Whenever a high-profile act of violence takes place in a state with relatively few gun control laws the media quickly and repeatedly brings up that fact, as we recently saw in Lewiston, Maine. Reporters glossed over that the state has one of the lowest violent crime rates in the country, while politicians from Joe Biden on down ignored the repeated failures in the months beforehand that allowed the killer to carry out his murderous attack on bowling alley and restaurant patrons. We’ve heard that Maine’s “yellow flag” law was to blame, even though there’s no sign that any law enforcement agency tried to use it. Rep. Jared Golden blamed the rifle used in the attack and declared himself on board with banning the production and sale of so-called assault weapons, though he also said he wouldn’t support making existing ownership illegal; an odd position to take if you really believe that no one should own an AR-15.
When violent crimes happen in places with many gun control laws already in place, however, the media almost always ignores them. A lack of gun control laws is reason to push for more, but the existence (and failure) of gun control laws isn’t worth mentioning. The most recent example of this phenomenon comes from the Denver Gazette and its report on “gun violence” in the Mile High City and suburbs like Aurora, which suggests that the “availability of guns” is to blame.
Officials and others often point to the ease of access to guns in the city as a reason for the increase in gun-related deaths and injuries.
In particular, the police blamed “ghost guns” — weapons that can be built at home and don’t have serial numbers. Colorado banned 3D-printed guns this year.
The spike in the use of “ghost guns” occurred nationwide. A 2023 report from the Bureau of Alcohol, Tobacco, Firearms and Explosives said law enforcement confiscated and submitted to ATF 19,273 ghost guns in 2021, a 1,083% increase from 2017.
Between Jan. 1 and Oct. 28 this year, Denver police recovered 1,920 firearms. The police department recovered 1,947 in the same time period last year.
Eileen McCarron, president of Colorado Ceasefire, said the increase in weapons directly correlates to the increase in shootings.
“When there are more guns, there’s more death. It’s that simple,” said McCarron, whose group has been working to prevent gun violence.
McCarron said people began to buy guns before the pandemic lockdown in 2020. She blamed those guns for the increase in violence since 2019, even if, she reiterated, they were not committed by their original purchasers.
Irresponsible and new gun owners may leave their weapons unattended, allowing them to get snatched by “prohibited buyers and youth,” she said.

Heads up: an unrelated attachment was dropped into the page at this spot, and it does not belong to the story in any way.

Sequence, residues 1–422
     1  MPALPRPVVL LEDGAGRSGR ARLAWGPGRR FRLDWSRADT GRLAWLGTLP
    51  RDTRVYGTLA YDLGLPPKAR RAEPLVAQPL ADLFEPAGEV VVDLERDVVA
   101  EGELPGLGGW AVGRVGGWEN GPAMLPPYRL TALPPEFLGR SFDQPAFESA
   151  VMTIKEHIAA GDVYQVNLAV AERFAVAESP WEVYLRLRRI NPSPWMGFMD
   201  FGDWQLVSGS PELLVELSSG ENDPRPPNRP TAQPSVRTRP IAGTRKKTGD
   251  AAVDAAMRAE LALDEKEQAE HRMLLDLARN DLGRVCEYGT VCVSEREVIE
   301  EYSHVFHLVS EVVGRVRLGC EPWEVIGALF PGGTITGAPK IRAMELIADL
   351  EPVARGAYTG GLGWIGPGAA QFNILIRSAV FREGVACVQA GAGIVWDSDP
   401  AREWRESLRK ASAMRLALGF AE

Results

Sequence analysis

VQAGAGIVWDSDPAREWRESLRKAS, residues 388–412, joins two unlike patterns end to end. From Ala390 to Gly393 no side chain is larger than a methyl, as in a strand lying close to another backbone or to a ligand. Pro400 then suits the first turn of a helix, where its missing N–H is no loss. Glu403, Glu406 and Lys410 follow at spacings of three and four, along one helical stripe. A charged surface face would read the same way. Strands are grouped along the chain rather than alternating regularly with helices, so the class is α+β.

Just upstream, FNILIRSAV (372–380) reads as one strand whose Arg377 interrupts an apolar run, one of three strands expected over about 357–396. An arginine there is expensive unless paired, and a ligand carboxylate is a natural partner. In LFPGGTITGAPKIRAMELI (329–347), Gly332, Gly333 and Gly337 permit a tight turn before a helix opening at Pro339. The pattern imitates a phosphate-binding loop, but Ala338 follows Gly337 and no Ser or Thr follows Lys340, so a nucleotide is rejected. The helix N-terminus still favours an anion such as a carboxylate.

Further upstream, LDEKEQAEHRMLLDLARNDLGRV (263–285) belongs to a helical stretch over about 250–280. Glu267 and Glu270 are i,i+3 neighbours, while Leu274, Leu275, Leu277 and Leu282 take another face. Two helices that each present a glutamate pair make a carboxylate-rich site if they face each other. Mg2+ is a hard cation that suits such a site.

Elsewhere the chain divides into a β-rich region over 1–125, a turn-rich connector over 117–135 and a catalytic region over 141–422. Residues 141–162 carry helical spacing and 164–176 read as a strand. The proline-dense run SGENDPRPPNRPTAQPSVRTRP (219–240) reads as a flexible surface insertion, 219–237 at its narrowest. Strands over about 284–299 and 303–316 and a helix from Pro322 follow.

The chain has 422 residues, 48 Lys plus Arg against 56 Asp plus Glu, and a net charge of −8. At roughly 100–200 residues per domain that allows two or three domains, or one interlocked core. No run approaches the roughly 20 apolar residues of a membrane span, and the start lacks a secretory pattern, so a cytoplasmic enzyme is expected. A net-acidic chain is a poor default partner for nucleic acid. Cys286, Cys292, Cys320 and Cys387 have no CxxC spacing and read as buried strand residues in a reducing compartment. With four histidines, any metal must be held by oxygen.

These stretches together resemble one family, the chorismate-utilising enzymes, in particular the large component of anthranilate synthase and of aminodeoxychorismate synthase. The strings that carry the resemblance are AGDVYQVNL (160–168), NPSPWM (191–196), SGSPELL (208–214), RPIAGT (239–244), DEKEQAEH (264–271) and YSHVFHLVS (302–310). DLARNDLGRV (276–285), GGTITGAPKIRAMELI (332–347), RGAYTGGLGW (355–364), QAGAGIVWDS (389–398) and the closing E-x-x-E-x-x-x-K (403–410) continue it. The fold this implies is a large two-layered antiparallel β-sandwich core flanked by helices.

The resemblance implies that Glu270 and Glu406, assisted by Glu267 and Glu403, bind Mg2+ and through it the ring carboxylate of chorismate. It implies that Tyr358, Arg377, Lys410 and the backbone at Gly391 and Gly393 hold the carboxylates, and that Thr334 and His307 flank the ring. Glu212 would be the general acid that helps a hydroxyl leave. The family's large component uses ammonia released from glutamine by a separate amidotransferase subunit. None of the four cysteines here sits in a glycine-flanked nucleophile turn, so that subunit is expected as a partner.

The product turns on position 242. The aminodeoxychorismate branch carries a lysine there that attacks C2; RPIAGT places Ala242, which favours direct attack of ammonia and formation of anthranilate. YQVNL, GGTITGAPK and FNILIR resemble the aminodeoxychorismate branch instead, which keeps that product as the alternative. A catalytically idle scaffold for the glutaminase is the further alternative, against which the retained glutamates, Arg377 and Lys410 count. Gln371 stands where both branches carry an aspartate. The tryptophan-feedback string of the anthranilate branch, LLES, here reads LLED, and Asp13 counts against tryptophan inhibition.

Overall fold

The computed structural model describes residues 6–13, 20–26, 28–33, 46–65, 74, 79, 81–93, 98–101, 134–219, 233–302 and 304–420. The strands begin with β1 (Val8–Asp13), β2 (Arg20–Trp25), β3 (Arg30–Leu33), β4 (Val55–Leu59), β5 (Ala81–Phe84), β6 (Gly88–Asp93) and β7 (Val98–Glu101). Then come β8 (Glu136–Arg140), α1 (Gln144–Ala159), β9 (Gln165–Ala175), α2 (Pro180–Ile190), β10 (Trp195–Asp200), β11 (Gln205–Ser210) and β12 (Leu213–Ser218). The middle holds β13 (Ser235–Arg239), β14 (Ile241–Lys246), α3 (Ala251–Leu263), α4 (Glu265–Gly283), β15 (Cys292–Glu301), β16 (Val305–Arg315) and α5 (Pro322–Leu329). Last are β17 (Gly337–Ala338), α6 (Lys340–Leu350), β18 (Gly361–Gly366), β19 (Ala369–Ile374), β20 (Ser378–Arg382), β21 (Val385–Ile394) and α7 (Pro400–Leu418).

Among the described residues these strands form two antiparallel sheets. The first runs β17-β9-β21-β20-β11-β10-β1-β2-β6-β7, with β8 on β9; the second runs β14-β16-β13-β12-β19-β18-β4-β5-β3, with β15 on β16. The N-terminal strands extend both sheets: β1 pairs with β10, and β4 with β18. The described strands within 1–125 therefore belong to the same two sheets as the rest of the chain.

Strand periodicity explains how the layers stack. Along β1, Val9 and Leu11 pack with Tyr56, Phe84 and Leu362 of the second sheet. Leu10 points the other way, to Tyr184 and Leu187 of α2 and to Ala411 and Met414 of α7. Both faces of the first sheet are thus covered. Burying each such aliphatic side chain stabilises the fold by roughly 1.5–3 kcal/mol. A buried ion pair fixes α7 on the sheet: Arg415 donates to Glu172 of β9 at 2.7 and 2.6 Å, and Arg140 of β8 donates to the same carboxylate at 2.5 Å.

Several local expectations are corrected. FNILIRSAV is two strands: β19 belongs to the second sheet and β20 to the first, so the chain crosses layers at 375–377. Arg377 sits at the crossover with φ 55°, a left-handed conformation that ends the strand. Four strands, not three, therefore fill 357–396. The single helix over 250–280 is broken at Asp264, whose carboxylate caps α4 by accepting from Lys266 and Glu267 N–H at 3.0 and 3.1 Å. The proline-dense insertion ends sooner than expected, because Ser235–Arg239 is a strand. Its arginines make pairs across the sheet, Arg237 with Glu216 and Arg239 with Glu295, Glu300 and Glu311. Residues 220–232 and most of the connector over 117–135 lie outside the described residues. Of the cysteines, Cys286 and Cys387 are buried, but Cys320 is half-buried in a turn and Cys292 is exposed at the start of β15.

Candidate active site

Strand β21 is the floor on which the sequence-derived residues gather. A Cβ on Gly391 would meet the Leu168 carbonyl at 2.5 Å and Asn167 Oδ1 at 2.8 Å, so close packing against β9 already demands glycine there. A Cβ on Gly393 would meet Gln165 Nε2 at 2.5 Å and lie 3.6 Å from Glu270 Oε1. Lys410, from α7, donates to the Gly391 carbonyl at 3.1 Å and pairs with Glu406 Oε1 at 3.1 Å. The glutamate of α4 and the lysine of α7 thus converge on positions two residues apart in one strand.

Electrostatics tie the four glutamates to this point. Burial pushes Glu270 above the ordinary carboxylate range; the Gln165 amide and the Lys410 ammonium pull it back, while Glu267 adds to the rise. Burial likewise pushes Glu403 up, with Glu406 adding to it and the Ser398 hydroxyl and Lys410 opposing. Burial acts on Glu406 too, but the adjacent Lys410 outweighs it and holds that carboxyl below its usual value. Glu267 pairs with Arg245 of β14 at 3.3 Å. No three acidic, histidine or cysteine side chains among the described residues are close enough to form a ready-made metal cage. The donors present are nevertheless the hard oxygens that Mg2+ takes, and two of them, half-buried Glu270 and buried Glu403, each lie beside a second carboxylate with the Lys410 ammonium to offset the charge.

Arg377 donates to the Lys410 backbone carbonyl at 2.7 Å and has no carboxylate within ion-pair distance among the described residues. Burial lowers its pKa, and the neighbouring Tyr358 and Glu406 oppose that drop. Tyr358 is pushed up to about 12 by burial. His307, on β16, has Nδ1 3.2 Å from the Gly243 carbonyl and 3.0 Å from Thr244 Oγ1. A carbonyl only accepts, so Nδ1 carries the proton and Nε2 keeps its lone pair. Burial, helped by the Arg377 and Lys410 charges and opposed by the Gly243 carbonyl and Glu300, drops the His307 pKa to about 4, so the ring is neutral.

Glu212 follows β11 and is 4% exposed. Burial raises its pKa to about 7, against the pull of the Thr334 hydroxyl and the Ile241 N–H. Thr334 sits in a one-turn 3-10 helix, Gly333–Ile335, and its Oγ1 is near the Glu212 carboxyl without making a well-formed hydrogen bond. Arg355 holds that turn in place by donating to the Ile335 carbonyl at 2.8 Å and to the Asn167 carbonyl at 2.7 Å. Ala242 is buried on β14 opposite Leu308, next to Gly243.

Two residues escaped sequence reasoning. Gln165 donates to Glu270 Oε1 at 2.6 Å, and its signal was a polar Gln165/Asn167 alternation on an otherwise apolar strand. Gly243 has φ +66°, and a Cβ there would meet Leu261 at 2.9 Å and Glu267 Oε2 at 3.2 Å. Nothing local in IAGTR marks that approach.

To the Gazette‘s credit, they do quote several individuals who are less convinced than McCarron that more gun sales equal more “gun violence”, including former Denver police chief Paul Pazen. But what really struck me is the complete and total absence of any reference to the many gun control laws that have been put in place in Colorado over the past ten years.
In 2013 the state legislature imposed “universal” background checks and a ban on “large capacity” magazines (defined as any magazine capable of holding more than 15 rounds). Five years later the state’s violent crime rate had increased by 25%. In 2019, Gov. Jared Polis signed a “red flag” bill into law, while in 2021 Democratic lawmakers repealed the state’s firearm preemption law and gave the green light to localities to impose their own, more restrictive ordinances. The following year violent crime was once again on the upswing, though the current data for 2023 suggests the state might finally see some good news and drops in violent crime categories at the end of the year.
The state’s Democratic majority has been taking steps to “limit the availability of guns” for more than a decade, and the results have been downright abysmal. I’m not saying that these restrictions on the right to keep and bear arms are the cause of Denver’s increasing rate of violent crime, but they sure haven’t done anything to bring those numbers down. I’d say that’s at least worth bringing up in response to McCarron’s claim, especially since her theory doesn’t hold up to the slightest bit of scrutiny.
According to the National Shooting Sports Foundation there’ve been 51 straight months of at least 1 million gun sales, which, if McCarron is right, means we should have seen 51 straight months of increasing violent crime around the country. That isn’t what’s happened. Instead, as crime analyst Jeff Asher documented today, crime stats in most major cities show a much different trend.
Most of the cities saw big increases around the same point in mid-2020 and most of the cities began to see sudden, large declines at some point in late 2022 or the first half of 2023.
There are other places that only produce YTD counts that are seeing declining gun violence and murders this year (like Los Angeles where shooting victims are down 10.4 percent this year). There are places like Cincinnati that are seeing declining gun violence but did not see quite so large a rise in 2020. And there are other places that are seeing level (Seattle and Wilmington) or slightly increasing gun violence this year.
If McCarron was right there’d be no good news at all to report because those “sudden, large declines” that Asher describes would never have taken place.
It’s disappointing that the Denver Gazette didn’t treat McCarron’s with more skepticism, but it’s even more concerning that the paper chose to completely ignore the many gun control laws enshrined at either the state or local level over the past decade and the lack of impact they’ve had in doing the very thing politicians promised: making Colorado a safer place.